as gamesmanship; extreme fandom would become violent tribalism; team
loyalty would displace moral courage; and obedience to the coach would
Okay, I think it's time for a round of applause for those seers.
Let's hear it for Team Trump!
The Alabama woman indicted after a miscarriage will not be prosecuted.
Stephanie Grisham, new White House Press Secretary, has already been
3 reasons the American Revolution was a mistake: This questions some
of my longest and most deeply held beliefs, but for the record:
- Abolution would have come faster without independence.
- Independence was bad for Native Americans.
- America would have a better system of government if we'd stuck with
The more you watch, the more you vote populist: Another entry in
the "television rots your brain" sweepstakes, using Italy and Silvio
Berlusconi as the example.
Republicans dominate state legislatures. That decides political power
The legal battle over the Trump administration's "domestic gag rule,"
George Soros and Charles Koch team up for a common cause: an end to
"endless war": "The controversial billionaire philanthropists are
launching a new anti-interventionist think tank": The Quincy Institute
for Responsible Statecraft, named for John Quincy Adams ("who said in
an 1821 speech that America 'goes not abroad in search of monsters to
There is no 'right' v 'left': it is Trump and the oligarchs against the
rest: Actually, that's the very definition of right v left. Such
naivete Makes me doubt Reich his own title for the otherwise reasonable
Avbolish the Billionaires!
The viral video of Ivanka Trump at the G20 perfectly captures the problem
State of exception: Review of Noura Erakat: Justice for Some: Law
and the Question of Palestine, asking "what role has local and
international law played in the Occupied Territories?"
Did Justin Amash leave the GOP, or did the GOP leave him? The
only Republican member of Congress willing to consider impeachment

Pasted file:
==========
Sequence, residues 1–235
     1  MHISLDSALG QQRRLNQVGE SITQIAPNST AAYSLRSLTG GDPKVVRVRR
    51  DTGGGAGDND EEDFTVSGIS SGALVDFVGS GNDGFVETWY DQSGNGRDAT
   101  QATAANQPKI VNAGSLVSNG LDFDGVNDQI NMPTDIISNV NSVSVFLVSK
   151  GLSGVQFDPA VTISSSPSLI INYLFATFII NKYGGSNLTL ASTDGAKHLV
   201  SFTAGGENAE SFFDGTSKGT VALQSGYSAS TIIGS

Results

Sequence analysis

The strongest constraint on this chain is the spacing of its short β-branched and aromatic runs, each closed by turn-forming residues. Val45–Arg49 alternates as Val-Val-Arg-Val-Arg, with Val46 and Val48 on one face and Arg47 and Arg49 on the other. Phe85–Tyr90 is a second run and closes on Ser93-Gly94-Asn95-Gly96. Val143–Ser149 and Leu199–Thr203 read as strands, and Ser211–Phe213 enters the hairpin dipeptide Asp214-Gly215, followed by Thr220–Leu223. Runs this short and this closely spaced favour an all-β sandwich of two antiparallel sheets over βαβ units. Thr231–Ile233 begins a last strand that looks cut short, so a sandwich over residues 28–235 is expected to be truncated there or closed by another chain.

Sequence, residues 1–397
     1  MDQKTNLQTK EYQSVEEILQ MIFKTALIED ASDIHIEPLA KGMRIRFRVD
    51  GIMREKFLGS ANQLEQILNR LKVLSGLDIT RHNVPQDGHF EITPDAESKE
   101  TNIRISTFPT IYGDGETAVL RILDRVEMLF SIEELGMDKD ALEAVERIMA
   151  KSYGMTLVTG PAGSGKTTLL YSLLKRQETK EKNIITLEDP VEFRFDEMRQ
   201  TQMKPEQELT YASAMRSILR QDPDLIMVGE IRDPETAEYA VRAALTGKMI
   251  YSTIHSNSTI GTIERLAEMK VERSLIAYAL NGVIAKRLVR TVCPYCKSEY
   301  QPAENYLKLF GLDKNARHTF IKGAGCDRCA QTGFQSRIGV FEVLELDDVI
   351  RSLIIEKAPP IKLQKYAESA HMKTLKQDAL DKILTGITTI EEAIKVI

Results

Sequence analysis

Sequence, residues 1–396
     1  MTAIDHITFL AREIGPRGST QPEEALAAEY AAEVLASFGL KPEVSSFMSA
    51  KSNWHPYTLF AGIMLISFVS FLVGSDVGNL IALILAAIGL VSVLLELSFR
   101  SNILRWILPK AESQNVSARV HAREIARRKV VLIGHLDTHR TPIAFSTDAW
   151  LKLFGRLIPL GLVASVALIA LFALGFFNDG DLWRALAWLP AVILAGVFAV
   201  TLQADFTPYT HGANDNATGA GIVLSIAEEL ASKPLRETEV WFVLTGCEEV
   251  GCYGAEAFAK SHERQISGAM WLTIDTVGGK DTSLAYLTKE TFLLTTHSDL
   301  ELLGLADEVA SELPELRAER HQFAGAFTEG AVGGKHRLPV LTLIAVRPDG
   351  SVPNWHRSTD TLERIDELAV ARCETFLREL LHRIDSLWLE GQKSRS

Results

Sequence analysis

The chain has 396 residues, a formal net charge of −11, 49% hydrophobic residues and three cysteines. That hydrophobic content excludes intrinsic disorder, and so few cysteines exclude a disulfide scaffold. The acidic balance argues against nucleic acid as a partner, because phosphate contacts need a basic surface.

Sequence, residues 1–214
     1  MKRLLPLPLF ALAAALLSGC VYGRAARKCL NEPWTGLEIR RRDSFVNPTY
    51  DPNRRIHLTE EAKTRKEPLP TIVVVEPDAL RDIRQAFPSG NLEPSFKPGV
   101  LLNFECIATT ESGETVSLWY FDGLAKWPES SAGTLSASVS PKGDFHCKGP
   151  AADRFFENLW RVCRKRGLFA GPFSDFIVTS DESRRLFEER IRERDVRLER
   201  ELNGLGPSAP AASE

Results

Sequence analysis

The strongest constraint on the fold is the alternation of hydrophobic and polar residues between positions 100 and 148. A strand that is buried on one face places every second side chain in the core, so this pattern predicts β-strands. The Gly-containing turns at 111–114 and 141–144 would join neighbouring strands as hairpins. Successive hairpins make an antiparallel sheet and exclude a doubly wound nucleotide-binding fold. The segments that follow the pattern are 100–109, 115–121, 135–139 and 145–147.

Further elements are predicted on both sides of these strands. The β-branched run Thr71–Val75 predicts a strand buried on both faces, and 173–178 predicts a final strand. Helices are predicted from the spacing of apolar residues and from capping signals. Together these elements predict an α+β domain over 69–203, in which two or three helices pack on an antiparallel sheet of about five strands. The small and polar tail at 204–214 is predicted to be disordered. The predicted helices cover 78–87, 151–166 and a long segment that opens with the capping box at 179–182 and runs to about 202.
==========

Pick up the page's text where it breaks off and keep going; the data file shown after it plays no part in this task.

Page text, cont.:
spared the Party the embarrassment of his presence, writing an
op-ed announcing his exit from the party. Trump cheered him on:
Great news for the Republican Party as one of the dumbest &
most disloyal men in Congress is "quitting" the Party.
Related: Bianca Quilantan:
Justin Amash: GOP was broken even before Trump's presidency.
Tim Wu explains why he thinks Facebook should be broken up. I will
add that buying competitors to put them out of business has been a very
business practice for quite a while now. The startup I worked for from
the late 1980s (Contex Graphic Systems) was eventually sold off to a
competitor (Barco), which shut it down within a year. Other antitrust
matters: Steven Overly/Margaret Harding McGill:
Google's onetime hired gun could now be its antitrust nightmare.
Anya van Wagtendonk:
Two earthquakes shook southern California this week. More could come,
but predicting them isn't easy.
The deepening crisis in evangelical Christianity: "Support for Trump
comes at a high cost for Christian witness." Wehner has been described as
"an outspoken Republican and Christian critic of the Trump presidency."
But the article is less interesting for what he fears Trump idolatry is
doing to evangelical Christianity that for its description of how
deranged Trump's evangelical fans have become. Wehner has a recent book:
The Death of Politics: How to Heal Our Frayed Republic After Trump.
Biden often praises Israeli racists -- but don't expect Kamala Harris
to call him out.
A brief history of US concentration camps.
Trump couldn't ignore the contradictions of his foreign poicy any longer:
"The president moves to straighten out his own foreign policy -- and leaves
his hawkish national security adviser on the sidelines."
Democratic candidates' school integration plans, explained: "Bernie
Sanders and Julián Castro have one, Kamala Harris doesn't really."
Democrats are learning the wrong lesson from Donald Trump: He ran
as a moderate -- and it worked." A moderate, that is, only compared to
his fellow Republican candidates, who weren't moderate by any measure.
Moreover, since his election, he has regularly surrendered his promises
to Republican orthodoxy, except in cases like immigration where he is
the lunatic fringe. But Yglesias didn't write this piece to change our
perception of Trump. He wrote it to disparage those Democrats who see
Trump's extremism as reason to driving the Democratic platform further